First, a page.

PlaceLikelihoodBufferResponse likelyPlaces = task.getResult();
float maxLikelihood = 0;
Place currentPlace = null;

6. Iterate over each PlaceLikelihood object and check whether it has the highest
likelihood so far. If it does, update the maxLikelihood and currentPlace objects:

if (task.isSuccessful()) {
PlaceLikelihoodBufferResponse likelyPlaces = task.getResult();
float maxLikelihood = 0;
Place currentPlace = null;
for (PlaceLikelihood placeLikelihood : likelyPlaces) {
if (maxLikelihood < placeLikelihood.getLikelihood()) {
maxLikelihood = placeLikelihood.getLikelihood();
currentPlace = placeLikelihood.getPlace();

7. If the currentPlace is not null , update the TextView with the result. The following
code should all be within the if (task.isSuccessful()) loop:

if (currentPlace != null) {
currentPlace.getName(), result //This is the address from the AsyncTask,

8. After you use the place information, release the buffer:


9. In the else block for the case where the Task is not successful, show an error
message instead of a place name:

else {
"No Place name found!",
result, System.currentTimeMillis()));

10. Run the app. You see the place name along with the address in the label TextView .


2.3 Get the place type

The Place object you obtained from the PlaceLikelihood object contains a lot more than
just the name of the place. The object can also include the place type, rating, price level,
website URL, and more. (For a list of all the fields, see the Place reference.)

In this step, you change the image of the Android robot to reflect the place type of the
current location. The starter code includes a bitmap image for a "plain" Android robot, plus
images for four other Android robots, one for each these place types: school, gym,
restaurant, and library.

If you want to add support for other place types, use the Androidify tool to create a custom
Android robot image and include the image in your app.

1. In MainActivity , create a setAndroidType() method that uses a Place object. Have

the method assign the appropriate drawable to the ImageView , based on the place type:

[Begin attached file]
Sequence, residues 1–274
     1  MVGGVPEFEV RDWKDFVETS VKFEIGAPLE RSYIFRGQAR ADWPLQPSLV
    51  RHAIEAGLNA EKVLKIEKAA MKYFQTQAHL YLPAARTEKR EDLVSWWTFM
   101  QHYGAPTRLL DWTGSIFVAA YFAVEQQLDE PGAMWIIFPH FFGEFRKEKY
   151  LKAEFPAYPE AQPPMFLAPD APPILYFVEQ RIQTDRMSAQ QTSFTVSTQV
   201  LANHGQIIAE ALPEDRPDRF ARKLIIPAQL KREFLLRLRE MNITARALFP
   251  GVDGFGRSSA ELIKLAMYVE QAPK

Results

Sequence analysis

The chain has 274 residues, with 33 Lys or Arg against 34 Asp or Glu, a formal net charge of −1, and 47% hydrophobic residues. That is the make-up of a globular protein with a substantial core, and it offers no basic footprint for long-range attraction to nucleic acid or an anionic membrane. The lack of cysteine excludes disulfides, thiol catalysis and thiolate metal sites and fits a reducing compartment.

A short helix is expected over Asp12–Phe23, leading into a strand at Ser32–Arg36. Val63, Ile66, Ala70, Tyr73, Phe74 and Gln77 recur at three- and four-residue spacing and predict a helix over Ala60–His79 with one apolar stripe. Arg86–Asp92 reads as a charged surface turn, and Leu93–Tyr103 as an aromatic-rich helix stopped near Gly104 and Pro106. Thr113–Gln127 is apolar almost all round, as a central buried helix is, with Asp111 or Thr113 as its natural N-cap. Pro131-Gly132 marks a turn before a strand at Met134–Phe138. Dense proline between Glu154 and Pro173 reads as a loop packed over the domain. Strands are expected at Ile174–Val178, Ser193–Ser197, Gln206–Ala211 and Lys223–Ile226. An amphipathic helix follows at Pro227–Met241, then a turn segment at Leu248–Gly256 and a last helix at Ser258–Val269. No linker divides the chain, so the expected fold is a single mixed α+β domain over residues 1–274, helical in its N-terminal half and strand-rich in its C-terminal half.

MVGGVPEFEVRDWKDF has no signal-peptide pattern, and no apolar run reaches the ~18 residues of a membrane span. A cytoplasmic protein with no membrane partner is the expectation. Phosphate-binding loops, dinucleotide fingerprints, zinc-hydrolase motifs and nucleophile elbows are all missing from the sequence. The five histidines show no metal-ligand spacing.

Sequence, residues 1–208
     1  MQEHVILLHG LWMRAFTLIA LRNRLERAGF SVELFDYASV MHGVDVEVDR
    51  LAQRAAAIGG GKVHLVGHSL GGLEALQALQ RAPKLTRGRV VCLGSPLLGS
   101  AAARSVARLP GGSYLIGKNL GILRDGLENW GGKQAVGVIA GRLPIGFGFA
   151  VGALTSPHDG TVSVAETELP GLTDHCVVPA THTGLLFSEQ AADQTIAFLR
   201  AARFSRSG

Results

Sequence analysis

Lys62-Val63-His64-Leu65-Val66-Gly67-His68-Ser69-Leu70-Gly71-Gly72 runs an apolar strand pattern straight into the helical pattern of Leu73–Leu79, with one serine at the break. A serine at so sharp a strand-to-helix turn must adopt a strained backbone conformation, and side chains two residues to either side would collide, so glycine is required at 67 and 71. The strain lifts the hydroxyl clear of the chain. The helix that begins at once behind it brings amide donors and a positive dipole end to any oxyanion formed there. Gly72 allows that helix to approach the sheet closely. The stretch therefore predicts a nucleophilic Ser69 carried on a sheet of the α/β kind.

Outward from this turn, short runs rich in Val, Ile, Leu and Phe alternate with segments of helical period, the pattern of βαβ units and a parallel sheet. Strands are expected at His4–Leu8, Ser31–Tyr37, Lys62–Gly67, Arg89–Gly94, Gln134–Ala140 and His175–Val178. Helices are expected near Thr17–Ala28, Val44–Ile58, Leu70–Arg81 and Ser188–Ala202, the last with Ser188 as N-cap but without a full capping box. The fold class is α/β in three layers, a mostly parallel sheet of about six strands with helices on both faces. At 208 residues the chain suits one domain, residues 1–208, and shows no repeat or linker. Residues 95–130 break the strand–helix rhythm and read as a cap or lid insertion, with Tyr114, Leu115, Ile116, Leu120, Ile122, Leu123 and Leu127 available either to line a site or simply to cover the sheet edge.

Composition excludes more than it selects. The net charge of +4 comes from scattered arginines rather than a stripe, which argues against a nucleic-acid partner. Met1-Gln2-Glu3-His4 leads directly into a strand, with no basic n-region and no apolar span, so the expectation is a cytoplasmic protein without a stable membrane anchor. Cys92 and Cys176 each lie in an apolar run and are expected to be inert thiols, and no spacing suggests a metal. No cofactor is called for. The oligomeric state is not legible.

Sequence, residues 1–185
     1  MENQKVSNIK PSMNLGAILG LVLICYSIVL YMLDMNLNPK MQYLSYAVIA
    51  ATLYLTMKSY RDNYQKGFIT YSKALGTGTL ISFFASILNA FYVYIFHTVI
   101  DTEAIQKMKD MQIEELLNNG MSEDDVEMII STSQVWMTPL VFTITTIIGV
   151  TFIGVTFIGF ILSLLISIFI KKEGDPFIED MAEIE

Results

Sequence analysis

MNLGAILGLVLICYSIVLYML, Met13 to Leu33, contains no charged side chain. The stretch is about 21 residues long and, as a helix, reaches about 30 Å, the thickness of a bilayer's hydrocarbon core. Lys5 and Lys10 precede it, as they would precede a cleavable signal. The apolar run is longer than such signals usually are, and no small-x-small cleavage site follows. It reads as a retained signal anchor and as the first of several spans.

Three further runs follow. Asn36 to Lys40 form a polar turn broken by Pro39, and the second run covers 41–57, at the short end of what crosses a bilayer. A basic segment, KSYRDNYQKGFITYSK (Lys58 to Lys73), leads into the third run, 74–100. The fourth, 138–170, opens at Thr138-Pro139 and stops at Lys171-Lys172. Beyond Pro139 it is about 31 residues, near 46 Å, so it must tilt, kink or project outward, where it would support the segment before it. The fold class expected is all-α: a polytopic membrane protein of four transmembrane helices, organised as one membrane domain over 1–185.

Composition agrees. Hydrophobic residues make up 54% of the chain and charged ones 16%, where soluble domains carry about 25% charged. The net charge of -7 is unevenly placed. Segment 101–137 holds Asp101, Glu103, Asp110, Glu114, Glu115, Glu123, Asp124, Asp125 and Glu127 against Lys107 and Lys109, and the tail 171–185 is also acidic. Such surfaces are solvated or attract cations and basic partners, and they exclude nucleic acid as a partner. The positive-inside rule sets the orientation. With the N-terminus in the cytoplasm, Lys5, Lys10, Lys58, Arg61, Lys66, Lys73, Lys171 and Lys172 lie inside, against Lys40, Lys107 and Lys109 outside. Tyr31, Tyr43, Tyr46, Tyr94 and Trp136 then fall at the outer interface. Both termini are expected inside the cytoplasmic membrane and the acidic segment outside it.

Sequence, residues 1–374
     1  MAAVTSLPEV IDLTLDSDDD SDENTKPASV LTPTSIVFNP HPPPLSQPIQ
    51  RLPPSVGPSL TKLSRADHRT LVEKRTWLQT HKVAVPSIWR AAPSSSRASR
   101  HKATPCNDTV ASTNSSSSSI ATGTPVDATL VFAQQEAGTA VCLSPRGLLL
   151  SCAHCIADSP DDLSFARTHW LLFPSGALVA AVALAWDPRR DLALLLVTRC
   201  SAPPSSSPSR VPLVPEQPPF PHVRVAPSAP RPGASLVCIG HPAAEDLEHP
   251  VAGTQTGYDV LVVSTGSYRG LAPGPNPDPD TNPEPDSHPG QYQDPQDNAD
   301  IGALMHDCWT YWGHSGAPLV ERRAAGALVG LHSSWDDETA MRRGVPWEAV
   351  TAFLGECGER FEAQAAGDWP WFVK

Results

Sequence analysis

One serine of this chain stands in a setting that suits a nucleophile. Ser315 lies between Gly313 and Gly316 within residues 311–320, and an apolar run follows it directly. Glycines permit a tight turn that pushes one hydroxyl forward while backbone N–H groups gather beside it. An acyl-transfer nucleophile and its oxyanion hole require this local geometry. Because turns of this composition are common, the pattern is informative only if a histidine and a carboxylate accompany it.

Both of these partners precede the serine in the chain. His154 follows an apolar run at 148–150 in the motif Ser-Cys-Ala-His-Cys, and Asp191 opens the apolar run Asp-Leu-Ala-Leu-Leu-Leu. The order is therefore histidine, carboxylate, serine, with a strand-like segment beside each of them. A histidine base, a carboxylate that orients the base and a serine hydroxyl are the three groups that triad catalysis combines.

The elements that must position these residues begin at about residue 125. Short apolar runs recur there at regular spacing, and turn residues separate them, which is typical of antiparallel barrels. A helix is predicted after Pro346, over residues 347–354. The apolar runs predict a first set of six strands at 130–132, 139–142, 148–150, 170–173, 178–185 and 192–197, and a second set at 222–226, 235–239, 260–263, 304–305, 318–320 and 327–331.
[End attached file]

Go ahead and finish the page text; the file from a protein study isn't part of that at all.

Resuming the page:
private void setAndroidType(Place currentPlace) {

int drawableID = -1;
for (Integer placeType : currentPlace.getPlaceTypes()) {
switch (placeType) {
case Place.TYPE_SCHOOL:
drawableID = R.drawable.android_school;
case Place.TYPE_GYM:
drawableID = R.drawable.android_gym;
drawableID = R.drawable.android_restaurant;
case Place.TYPE_LIBRARY:
drawableID = R.drawable.android_library;

if (drawableID < 0) {
drawableID = R.drawable.android_plain;

Note: The setAndroidType() method is where you can add support for more place
types. All you need to do is add another case to the switch statement and select the
appropriate drawable. For a list of supported place types, see Place Types.
2. In the onComplete() callback where you obtain the current Place object, call
setAndroidType() . Pass in the currentPlace object.


3. Run your app. Unless you happen to be in one of the supported place types, you don't
see any difference in the Android robot image. To get around this, run the app on an
emulator and follow the steps below to set up fake locations.

How to test location-based features on an emulator

Testing location-based features on an emulator can be challenging. The
FusedLocationProviderClient and the Places API have to use a location that you provide

through the emulator settings.

To simulate a location, use a GPX file, which provides a set of GPS coordinates over time:

1. Download the WalkMyAndroidPlaces-gpx file. The file contains five locations. The first
location doesn't correspond to any of the supported place types. The other four
locations have the place types that the WalkMyAndroidPlaces app supports: school,
gym, restaurant, library.
2. Start an emulator of your choice.
3. To navigate to your emulator settings, select the three dots at the bottom of the menu
next to the emulator, then select the Location tab.
4. In the bottom right corner, click Load GPX/KML. Select the file you downloaded.

Five locations load in the GPS data playback window.

5. Notice the Delay column. By default, the emulator changes the location every 2
seconds. Change the delay to 10 seconds for each item except the first item, which
should load immediately and have a delay of 0.

(A delay of 10 seconds makes sense because your location updates happen

approximately every 10 seconds. Recall the LocationRequest object, in which the
interval is set to 10,000 milliseconds, or 10 seconds.)

6. Run the WalkMyAndroid app on the emulator to start tracking the device location.

7. Use the play button in the bottom left corner of the emulator Location tab to deliver the
GPX file's location information to your app. The location TextView and the Android
robot image should update every 10 seconds to reflect the new locations as they are
"played" by the GPX file!


The screenshot below shows the Location tab (1) for emulator location settings, the GPS
data playback button (2), and the Load GPX/KML button (3).

Task 3. Add the place-picker UI

At this point, the WalkMyAndroidPlaces app only looks for places in the device's current
location, but there are many use cases where you want the user to select a location from a
map. For example, if you create an app to help users decide on a restaurant, you want to
show restaurants in the area that the user selects, not just restaurants in the user's current

Having the user select a location from a map seems complicated: you need a map with
places of interest already on it, and you need a way for the user to search for a place and